3 thoughts on “Educational memorial

  1. Cassandra says:

    “The Fed issues a dire warning about trade wars” (August 22, 2018) https://money.cnn.com/2018/08/22/news/economy/federal-reserve-interest-rates-august-minutes/index.html
    “Here’s what businesses are saying about the Trump administration’s proposed tariffs on $200 billion of Chinese goods” (August 21, 2018) https://www.marketwatch.com/story/heres-what-businesses-are-saying-about-the-trump-administrations-proposed-tariffs-on-200-billion-of-chinese-goods-2018-08-21

  2. Hey, Rube! says:

    The United States and China imposed more tariffs on billions of dollars worth of each other’s products on Thursday in the latest escalation in a trade war between the world’s two largest economies. https://www.aljazeera.com/news/2018/08/china-trade-war-escalates-sides-announce-tariffs-180823070827050.html American penalties apply to $16bn worth of Chinese goods including automobiles, factory machinery, and metals.
    China had to “continue to make the necessary counter-attacks”, its commerce ministry said in a statement immediately after US tariffs began.
    China said it will also file a legal challenge with the World Trade Organization (WTO) over the US’ increase, which American officials say was a response to unfair trade practices by Beijing.

    • MAGA says:

      Ford Motor Co. is unlikely to be the last to say forget it to a vehicle that doesn’t make financial sense for the U.S. market anymore thanks to Donald Trump’s trade wars.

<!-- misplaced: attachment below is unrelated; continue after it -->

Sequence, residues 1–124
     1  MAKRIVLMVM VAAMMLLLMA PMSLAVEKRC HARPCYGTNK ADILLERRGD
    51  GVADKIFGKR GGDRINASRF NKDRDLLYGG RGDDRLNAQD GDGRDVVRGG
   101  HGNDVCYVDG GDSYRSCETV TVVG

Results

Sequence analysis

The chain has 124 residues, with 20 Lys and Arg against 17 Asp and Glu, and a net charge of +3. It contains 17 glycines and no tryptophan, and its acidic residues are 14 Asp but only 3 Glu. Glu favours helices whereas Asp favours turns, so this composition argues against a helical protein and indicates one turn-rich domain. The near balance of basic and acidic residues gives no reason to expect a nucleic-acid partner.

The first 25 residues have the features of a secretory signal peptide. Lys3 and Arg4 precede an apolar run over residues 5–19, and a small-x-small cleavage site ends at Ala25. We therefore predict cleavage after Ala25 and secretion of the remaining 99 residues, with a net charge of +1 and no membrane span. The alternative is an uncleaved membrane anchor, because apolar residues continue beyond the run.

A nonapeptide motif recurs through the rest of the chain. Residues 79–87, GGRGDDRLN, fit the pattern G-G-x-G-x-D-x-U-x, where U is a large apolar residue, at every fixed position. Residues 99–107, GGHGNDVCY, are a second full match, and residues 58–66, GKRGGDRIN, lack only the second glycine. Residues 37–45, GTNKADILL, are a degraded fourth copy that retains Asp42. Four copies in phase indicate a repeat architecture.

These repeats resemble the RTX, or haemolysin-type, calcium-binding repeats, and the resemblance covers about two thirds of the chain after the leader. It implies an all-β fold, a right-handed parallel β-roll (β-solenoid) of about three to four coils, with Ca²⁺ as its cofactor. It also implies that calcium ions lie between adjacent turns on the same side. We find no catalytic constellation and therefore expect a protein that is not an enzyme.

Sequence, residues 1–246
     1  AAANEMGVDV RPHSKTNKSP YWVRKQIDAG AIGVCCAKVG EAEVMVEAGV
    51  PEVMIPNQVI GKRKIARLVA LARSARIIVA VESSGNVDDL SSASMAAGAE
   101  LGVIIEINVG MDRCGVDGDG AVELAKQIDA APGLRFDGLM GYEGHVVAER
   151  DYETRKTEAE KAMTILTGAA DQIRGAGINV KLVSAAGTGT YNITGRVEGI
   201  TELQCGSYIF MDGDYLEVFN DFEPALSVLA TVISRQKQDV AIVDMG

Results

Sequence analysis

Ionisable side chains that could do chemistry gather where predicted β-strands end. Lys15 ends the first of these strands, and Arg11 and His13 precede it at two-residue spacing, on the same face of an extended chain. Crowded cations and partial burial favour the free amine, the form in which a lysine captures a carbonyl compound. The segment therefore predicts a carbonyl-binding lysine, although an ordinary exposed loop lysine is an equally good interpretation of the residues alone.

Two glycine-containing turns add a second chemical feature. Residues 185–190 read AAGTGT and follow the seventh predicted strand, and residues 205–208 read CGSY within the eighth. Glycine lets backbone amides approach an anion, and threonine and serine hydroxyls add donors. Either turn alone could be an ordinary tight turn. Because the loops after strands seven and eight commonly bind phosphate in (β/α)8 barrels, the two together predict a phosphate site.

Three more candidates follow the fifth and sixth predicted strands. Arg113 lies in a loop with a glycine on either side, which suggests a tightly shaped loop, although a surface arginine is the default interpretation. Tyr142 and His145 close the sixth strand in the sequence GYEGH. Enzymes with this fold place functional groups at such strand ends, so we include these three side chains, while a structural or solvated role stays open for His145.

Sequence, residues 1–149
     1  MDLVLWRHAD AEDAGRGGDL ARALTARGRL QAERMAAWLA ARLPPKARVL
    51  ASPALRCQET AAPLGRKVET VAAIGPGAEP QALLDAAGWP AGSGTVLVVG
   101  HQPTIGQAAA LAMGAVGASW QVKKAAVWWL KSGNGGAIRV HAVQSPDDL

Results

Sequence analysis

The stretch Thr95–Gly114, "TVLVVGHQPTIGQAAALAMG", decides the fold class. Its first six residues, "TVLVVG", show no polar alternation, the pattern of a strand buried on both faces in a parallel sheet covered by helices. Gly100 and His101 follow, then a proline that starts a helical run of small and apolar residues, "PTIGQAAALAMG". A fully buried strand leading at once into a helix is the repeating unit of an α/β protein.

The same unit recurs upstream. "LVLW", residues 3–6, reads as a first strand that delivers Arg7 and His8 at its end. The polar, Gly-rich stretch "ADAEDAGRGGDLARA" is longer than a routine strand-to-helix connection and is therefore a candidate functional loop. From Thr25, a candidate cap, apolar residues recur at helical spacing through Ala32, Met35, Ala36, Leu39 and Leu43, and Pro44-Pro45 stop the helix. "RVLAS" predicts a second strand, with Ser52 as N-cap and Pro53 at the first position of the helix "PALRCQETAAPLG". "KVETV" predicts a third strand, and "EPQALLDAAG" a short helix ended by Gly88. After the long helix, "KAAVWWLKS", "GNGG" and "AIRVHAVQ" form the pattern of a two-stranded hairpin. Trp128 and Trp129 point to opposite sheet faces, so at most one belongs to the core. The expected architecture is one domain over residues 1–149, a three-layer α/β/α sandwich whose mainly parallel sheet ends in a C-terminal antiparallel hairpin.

The second-largest U.S. carmaker has pulled the plug on plans to import a new small crossover from China called the Focus Active. Trump was the culprit behind the decision: His administration started imposing an additional 25 percent tariff on vehicles imported from the country he’s portrayed as America’s biggest trading foe in July. (Bloomberg 8/31/18) https://www.bloomberg.com/news/articles/2018-08-31/ford-may-not-be-the-last-to-terminate-a-u-s-model-over-tariffs A major risk looming for the entire industry lies in the investigation that the U.S. Commerce Department started in May of whether imported cars and components pose a threat to national security, which would permit invoking the same Section 232 trade law used to justify steel and aluminum levies earlier this year. After the EU’s trade chief said Thursday that the bloc was willing to drop its car tariffs to zero if the U.S. does the same, Trump dismissed the offer as “not good enough.” “The Trump Administration seems very intent on imposing the 232 tariffs,” said Kristin Dziczek, vice president of industry, labor and economics at the Center for Automotive Research. “That would mean that a lot of models would be withdrawn from the U.S. market.”

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